As I read Ken Mallon and Duncan Southgate’s predictions for the new year while putting together today’s SmartBrief on Social Media, I was really struck by this line: “Using new technology won’t in itself bring success; your digital communications still need to be creative, engaging and relevant.” It might sound obvious, but so many social media discussions get bogged down in the tools and the strategy that a newcomer to the scene could be forgiven for not realizing that this tech-centric medium actually rests on a bedrock of human relationships that were built one at a time.
Here, at the edge of 2009, I want you to take second to put aside the all the technology, the business-school lingo and the social media guru nonsense for a second and think about your fundamentals. Your social media chops don’t rely on having the right apps or having the perfect framework — they rest on natural talents you’ve always had and you’ve honed over time. They got you this far, but maybe you’ve forgotten about them lately and they got a little rusty.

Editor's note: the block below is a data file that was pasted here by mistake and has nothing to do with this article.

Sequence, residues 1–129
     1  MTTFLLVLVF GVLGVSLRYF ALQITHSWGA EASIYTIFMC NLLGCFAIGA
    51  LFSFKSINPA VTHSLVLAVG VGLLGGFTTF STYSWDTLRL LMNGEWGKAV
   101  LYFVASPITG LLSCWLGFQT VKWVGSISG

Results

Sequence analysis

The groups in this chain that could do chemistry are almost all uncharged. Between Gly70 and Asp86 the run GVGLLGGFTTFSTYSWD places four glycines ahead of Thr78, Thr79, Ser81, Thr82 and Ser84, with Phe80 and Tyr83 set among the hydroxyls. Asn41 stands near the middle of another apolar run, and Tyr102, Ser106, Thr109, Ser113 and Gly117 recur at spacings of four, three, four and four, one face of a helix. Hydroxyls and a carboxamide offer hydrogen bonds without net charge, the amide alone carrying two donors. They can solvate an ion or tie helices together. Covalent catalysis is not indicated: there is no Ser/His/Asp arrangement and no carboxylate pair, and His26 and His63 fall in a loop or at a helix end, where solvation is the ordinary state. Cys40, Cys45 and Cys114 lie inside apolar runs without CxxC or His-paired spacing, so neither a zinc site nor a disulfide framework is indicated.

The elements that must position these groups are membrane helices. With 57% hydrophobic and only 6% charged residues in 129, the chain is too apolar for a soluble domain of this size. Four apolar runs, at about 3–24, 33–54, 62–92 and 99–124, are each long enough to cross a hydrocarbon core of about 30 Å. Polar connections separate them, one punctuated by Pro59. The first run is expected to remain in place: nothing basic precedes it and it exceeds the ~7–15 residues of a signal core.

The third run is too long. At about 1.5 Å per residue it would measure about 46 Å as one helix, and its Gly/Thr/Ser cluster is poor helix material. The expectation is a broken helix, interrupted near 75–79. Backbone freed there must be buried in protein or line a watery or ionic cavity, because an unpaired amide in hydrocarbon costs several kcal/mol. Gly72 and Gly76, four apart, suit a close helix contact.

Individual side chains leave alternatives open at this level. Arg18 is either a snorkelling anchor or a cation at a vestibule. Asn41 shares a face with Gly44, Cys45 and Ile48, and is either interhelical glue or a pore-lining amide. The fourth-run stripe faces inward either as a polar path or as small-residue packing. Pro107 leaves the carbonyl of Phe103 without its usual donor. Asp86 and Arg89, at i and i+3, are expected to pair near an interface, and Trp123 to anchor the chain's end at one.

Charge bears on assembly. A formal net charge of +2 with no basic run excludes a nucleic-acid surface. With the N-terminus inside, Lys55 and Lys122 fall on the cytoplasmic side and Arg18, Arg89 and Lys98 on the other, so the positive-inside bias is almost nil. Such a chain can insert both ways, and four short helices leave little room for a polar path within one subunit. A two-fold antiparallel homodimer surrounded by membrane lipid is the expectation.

I’ll give you an example. I think best on my feet. The best posts, the best conversations, the best work of any sort I’ve ever put in — it was all done quick and dirty, under pressure. The more enamored I become with different social platforms, the more I fuss and fidget, the more I tweak, the more I procrastinate. This year, I’m going to get back to doing things quickly and honestly. Because that’s how I connect best.
Think about your own work for second and ask yourself what skill you’re neglecting. Before you get excited by the next shiny bauble of 2010, remember to look back and make sure you’ve brought everything you need with you.
How are you going back to basics in 2010?
Image credit, BP2U, via iStock